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Southwest Airlines Attendant Accused of Discriminating Against Muslim Woman in Hijab

Muna al-Takrouri (center right) says a Southwest flight attendant claimed she couldn't sit in an exit row because she doesn't speak English
Muna al-Takrouri (center right) says a Southwest flight attendant claimed she couldn't sit in an exit row because she doesn't speak English Patrick Strickland
Last month, Fatima al-Takrouri and her sister, Muna, visited their mother, who was ill in ICU in a Florida hospital. When they boarded a Dallas-bound flight to head home to North Texas, they hoped to sit together.

But a Southwest Airlines flight attendant insisted that Fatima couldn’t sit in one of the only two open seats that were next to one another, the sisters said at a press conference on Tuesday. The attendant said Muna was welcome to sit there but claimed Fatima couldn’t speak English and commented to other passengers that she “would bring down the whole plane.”

Muna and Fatima say they had been speaking in Arabic, but the sisters were both born in the United States. The flight attendant didn’t back down, even when Fatima spoke with her in English, she said. The only obvious difference between the two sisters? Fatima wears a hijab and Muna doesn’t.

The way Fatima tells it, the most difficult part was returning to her original seat, sitting separately from her sister for the flight's duration and not being able to do anything about it. “I felt like I was picked out and intimidated by the flight attendant on this flight,” she said. “It shouldn’t happen.”

Once the flight touched down in Dallas and passengers began to exit, the sisters said, they asked why the flight attendant had treated them that way. The flight attendant only ordered them to get off the plane.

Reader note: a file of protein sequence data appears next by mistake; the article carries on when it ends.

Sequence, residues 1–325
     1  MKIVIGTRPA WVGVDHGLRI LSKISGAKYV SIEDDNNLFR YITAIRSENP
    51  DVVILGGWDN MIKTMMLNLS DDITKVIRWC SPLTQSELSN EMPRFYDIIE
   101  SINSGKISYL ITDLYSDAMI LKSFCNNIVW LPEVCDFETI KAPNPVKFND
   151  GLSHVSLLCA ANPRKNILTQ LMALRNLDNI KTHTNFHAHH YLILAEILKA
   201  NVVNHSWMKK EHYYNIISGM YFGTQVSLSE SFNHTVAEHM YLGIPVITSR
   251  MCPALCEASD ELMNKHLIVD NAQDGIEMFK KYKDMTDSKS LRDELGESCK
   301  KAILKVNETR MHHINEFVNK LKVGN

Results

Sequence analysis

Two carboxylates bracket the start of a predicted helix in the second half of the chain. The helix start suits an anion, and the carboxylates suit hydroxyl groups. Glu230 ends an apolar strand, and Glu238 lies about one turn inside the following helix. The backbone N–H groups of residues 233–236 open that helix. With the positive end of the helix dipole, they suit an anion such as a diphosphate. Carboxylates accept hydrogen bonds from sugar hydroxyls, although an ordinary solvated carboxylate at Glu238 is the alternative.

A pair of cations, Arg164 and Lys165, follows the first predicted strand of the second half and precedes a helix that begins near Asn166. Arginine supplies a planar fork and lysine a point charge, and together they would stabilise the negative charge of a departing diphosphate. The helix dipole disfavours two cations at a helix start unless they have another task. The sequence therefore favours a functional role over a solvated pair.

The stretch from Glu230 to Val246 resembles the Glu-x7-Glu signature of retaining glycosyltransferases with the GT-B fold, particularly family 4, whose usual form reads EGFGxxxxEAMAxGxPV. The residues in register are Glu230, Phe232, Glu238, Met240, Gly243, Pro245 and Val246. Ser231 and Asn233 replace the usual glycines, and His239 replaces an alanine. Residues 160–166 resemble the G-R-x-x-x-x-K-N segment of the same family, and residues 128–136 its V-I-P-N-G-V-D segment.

“We were down there for a family emergency, my mom was dying in the hospital … so, we were expecting at least to have a good flight back home, stress-free,” Muna said.

Fatima has since filed a complaint with Southwest Airlines and another with the U.S. Department of Transportation, according to her lawyer Marwa Elbially. But the airline hasn’t gotten back to them yet.

“The only visible difference between these two American sisters is one wears a religious head covering, the other does not,” Elbially said.

Elbially described the incident as “religious discrimination,” and said that it’s in “direct violation of federal law.”

"The only visible difference between these two American sisters is one wears a religious head covering, the other does not." - Marwa Elbially, lawyer

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She added, “There is no valid basis for believing that Fatima does not speak English.”

Contacted by the Observer, a Southwest Airlines spokesperson said “the safety of our passengers is paramount, and individuals seated in exit rows must be able to perform certain duties.

“With that said, Southwest neither condones nor tolerates discrimination of any kind,” Southwest added. “Since Southwest Airlines' inception, we have put people first and maintain a mutual respect for our fellow Southwest Airlines employees, our customers and the diverse communities that we serve.”

Faizan Syed, the executive director of the Council on American Islamic Relations (CAIR) DFW chapter, said the problem boils down to more than poor training. "When we fly, we understand we have to act differently," he said. "This is something that's an example of a larger issue that's happening in America."

He said they hoped for an apology from Southwest Airlines. "Training is not the problem," he added. "Racism is the problem."

Fatima said, "Me being born here, I know my rights. I know when it's necessary to speak up … So, I'm doing this on behalf of myself and many other women out there who have been in the same shoes as I have." 
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Patrick Strickland is the news editor at the Dallas Observer. He's a former senior reporter at Al Jazeera English and has reported for the New York Review of Books, The Guardian, Politico EU and The New Republic, among others.